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Which prospect has the most at stake at the combine?

  • By NFL.com
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Well, we're headed back to Indy! The NFL Scouting Combine begins on Wednesday and runs through the following Tuesday (Feb. 22-28). A grand total of 328 prospects were invited to the annual event, which will be held in Lucas Oil Stadium, fresh off hosting Super Bowl XLVI. Some players will take part in all activities, some won't (ahem, potential first-round pick Ryan Tannehill, who's recovering from a broken foot). But this event represents an important step in the evaluation process leading up to the 2012 NFL Draft in April.

With that in mind, which prospect has the most at stake in Indianapolis?

  • Steve Wyche NFL.com
  • Potential top-10 pick Coples must squelch lingering questions

    North Carolina DL Quinton Coples has the most at stake (and also the most to gain). There were a lot of mixed reviews coming out of the Senior Bowl. He is still regarded as one of the top pass rushers in the draft, but if his effort and overall performance don't improve -- consistently -- from the Senior Bowl, there will be more questions asked as to why he didn't have the great senior season that was expected of him.

    There are some other pass rushers who seem to be gaining steam -- Syracuse's Chandler Jones is a player GMs have told me they are eager to see -- and could definitely move up if Coples slips.
  • Jason Smith NFL.com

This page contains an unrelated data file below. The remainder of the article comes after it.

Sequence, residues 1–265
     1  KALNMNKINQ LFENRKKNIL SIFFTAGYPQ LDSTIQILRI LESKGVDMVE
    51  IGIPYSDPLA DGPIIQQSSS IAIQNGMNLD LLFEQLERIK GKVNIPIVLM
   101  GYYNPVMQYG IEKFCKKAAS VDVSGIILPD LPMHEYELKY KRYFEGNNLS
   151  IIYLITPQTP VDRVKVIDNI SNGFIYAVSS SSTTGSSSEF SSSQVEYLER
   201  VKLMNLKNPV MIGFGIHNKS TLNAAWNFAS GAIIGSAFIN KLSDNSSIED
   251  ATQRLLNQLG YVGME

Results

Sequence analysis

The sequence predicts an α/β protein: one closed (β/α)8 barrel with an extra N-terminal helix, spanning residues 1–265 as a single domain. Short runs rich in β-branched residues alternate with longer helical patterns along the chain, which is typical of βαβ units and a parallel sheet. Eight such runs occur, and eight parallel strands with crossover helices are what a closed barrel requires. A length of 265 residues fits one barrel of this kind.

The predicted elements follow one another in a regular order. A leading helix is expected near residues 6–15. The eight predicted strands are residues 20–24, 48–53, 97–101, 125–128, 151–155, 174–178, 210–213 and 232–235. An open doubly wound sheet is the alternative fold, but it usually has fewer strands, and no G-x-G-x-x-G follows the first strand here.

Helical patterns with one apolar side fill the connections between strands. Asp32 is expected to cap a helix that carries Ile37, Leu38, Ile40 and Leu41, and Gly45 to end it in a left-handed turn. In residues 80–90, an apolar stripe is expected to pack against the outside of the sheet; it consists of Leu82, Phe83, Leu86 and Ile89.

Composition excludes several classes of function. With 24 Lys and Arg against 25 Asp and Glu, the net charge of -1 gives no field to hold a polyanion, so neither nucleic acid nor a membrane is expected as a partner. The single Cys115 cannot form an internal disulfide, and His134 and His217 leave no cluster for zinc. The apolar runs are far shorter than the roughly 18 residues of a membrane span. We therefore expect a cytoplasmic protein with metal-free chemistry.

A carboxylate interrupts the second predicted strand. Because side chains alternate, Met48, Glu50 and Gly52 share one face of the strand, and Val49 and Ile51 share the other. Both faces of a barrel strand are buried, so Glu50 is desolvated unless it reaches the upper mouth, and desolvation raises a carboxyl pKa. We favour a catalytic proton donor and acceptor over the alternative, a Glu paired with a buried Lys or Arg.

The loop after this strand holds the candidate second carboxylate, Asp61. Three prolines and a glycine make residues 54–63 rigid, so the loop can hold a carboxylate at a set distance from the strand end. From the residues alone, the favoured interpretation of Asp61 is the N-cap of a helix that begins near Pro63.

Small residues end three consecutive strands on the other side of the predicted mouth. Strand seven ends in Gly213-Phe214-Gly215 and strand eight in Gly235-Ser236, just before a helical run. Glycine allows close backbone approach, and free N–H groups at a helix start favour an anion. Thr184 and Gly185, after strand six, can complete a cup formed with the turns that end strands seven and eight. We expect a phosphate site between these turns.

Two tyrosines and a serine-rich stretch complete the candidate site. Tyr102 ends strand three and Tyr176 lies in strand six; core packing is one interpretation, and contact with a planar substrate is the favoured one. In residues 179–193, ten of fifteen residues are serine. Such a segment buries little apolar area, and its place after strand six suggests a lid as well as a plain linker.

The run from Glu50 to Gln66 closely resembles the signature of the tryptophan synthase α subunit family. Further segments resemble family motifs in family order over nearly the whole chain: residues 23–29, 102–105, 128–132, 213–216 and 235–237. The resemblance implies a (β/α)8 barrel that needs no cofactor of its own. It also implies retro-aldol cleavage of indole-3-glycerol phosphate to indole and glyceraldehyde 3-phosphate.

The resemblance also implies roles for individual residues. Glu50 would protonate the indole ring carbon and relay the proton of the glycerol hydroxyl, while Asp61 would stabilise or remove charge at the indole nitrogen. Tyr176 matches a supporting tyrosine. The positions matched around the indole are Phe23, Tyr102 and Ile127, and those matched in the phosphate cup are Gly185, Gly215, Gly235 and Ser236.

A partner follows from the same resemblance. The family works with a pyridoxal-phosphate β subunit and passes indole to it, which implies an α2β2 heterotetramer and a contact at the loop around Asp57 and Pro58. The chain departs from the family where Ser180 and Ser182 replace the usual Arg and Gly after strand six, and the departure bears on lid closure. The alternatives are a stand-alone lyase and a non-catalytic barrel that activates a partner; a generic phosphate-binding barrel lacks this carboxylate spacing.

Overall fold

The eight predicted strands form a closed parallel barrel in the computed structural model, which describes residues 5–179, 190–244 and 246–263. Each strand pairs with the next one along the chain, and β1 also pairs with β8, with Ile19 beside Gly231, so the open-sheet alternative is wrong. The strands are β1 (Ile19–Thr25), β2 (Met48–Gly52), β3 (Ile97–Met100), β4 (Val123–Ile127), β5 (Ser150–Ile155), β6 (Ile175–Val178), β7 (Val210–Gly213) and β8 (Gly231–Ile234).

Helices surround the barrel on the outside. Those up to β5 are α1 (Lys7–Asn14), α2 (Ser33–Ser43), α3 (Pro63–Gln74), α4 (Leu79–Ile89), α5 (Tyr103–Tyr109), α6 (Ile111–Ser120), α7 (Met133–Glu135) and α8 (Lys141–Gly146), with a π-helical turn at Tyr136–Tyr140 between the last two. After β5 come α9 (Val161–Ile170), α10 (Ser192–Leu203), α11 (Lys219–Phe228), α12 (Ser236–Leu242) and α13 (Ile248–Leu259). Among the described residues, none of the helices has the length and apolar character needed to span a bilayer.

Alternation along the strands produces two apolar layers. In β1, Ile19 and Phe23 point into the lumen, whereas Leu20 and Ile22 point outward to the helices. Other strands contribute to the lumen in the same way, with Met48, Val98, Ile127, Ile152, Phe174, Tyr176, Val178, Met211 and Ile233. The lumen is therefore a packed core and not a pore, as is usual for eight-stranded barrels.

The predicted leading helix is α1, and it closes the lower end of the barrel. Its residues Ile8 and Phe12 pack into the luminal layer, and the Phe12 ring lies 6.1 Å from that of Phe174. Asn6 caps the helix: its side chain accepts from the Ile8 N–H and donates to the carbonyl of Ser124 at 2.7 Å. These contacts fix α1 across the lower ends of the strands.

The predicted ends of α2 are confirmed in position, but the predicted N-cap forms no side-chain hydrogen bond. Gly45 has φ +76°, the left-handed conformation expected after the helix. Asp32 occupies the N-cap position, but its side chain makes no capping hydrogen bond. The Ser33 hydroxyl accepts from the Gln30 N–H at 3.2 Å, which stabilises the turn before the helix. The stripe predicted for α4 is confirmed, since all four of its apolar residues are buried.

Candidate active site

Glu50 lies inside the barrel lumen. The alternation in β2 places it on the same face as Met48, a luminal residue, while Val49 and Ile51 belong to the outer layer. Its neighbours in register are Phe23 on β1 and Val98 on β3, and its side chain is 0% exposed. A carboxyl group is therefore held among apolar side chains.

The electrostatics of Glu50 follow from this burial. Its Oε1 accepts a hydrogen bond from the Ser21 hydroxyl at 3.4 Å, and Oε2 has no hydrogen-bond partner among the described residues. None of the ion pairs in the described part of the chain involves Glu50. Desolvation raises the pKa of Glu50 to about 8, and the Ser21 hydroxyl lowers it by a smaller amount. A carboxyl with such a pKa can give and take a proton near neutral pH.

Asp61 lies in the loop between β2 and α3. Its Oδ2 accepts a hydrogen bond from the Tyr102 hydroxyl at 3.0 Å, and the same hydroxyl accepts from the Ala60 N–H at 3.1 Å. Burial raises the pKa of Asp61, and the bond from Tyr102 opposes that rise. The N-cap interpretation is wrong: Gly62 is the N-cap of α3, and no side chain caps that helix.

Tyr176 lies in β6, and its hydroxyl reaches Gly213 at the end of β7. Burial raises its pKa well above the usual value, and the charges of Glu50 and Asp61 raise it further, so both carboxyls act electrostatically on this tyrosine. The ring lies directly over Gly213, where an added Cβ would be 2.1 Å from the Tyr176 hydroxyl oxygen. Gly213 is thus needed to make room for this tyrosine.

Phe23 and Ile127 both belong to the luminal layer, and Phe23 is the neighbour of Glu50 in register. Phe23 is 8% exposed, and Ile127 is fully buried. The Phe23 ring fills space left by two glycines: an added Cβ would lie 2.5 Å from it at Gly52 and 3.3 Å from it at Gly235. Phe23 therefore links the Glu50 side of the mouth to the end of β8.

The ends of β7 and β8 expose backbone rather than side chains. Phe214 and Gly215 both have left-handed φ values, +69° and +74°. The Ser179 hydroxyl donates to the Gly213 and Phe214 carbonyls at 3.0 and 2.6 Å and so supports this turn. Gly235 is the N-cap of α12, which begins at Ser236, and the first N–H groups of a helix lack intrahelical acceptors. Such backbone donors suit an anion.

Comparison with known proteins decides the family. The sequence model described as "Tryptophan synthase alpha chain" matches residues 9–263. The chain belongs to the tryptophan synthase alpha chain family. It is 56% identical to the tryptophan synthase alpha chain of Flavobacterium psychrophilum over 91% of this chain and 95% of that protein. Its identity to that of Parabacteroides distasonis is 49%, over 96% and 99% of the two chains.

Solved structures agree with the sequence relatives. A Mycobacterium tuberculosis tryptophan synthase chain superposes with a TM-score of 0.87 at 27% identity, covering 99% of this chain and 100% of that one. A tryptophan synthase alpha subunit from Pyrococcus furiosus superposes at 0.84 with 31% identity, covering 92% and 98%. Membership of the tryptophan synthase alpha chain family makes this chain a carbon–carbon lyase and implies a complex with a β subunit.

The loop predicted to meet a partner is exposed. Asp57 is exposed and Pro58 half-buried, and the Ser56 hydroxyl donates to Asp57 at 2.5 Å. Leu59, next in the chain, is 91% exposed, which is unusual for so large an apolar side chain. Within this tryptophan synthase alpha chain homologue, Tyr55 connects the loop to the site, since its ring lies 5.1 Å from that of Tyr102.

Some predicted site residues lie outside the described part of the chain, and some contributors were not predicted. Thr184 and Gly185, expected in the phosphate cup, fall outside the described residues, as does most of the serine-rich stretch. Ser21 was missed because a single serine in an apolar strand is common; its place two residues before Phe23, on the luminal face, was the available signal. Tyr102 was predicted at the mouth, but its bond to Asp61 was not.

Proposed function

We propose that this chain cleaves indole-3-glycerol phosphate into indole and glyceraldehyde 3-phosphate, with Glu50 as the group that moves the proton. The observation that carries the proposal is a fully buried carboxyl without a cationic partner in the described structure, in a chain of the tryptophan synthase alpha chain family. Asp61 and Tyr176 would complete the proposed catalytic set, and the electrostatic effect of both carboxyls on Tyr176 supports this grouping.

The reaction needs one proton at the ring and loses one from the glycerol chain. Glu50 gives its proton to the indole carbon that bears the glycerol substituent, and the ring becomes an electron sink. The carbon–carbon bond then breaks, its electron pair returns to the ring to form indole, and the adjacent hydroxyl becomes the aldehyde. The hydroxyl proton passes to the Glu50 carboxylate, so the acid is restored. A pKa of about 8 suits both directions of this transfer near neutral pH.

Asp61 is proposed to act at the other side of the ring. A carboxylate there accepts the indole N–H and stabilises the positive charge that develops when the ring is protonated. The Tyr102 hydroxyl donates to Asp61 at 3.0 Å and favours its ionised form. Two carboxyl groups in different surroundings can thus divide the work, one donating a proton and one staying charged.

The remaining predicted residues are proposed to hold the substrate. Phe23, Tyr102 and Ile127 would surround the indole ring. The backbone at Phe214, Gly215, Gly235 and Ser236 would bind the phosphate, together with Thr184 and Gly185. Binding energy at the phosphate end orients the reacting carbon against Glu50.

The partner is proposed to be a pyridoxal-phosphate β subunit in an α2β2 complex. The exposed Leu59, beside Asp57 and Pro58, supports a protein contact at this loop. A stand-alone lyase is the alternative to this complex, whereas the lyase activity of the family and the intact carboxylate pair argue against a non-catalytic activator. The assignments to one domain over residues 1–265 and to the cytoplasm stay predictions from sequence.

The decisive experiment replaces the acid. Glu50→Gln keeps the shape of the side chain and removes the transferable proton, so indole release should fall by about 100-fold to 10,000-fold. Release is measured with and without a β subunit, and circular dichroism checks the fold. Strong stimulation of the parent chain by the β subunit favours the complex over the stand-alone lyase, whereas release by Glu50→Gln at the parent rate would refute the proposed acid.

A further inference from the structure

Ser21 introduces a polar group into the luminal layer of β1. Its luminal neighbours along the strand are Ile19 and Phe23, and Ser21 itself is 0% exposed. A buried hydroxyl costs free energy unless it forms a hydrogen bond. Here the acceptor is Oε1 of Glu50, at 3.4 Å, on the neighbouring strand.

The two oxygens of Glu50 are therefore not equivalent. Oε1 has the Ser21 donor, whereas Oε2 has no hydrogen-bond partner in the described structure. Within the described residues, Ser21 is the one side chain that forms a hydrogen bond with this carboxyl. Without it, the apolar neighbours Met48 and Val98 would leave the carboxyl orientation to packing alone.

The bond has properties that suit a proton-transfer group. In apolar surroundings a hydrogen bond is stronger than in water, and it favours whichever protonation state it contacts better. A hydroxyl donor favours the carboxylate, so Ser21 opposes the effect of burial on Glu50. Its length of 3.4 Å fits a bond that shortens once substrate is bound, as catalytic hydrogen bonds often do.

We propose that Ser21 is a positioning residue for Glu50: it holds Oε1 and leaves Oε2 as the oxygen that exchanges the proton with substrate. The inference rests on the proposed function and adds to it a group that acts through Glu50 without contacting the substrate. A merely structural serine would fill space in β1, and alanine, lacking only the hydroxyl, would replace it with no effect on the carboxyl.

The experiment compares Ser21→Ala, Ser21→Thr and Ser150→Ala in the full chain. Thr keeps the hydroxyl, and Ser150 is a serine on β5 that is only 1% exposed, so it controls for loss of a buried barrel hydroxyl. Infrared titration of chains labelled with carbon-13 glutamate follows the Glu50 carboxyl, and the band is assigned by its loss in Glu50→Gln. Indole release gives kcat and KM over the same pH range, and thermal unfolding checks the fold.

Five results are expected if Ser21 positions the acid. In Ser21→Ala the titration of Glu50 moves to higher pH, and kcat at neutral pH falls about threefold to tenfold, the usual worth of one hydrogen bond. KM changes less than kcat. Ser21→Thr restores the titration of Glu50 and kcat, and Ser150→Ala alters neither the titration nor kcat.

• North Alabama/Florida CB Jenkins has first-round talent ... and plenty of off-field baggage

    There's no one with more at stake than North Alabama cornerback Janoris Jenkins. A true star at Florida, Jenkins was dismissed from the Gators after two drug-related incidents and a brawl. He played his senior season at North Alabama and was terrific. He's everything an NFL team wants in a shutdown corner -- a first-round talent with plenty to spare. But here's the thing: He has to spend his time at the combine convincing teams he's worth investing a first-round pick on. If teams don't get a good vibe from him, or come away feeling that he hasn't turned the corner on his past, forget about taking him in the first round -- they'll remove him from their draft boards completely.

    Jenkins has some major work to do because clubs are going to be looking at him sideways, already suspicious about his ability to not just perform at the next level, but fit in enough where he won't get in trouble and be a waste of a pick. He won't get the benefit of the doubt from anyone. You wash out at Florida and there's no sweeping that under the rug. Good luck, Janoris.
  • Charles DavisNFL Network
  • Will the real Quinton Coples please stand up?

    Quinton Coples carried a top 10 grade into the 2011 season, despite playing out of position at defensive tackle often in 2010. With the move back to defensive end, his production was expected to increase exponentially. It did not. And everyone in the NFL wants to know why, and learn if there were extenuating circumstances. (Head coaching change so close to the season? NCAA investigation turmoil? What?)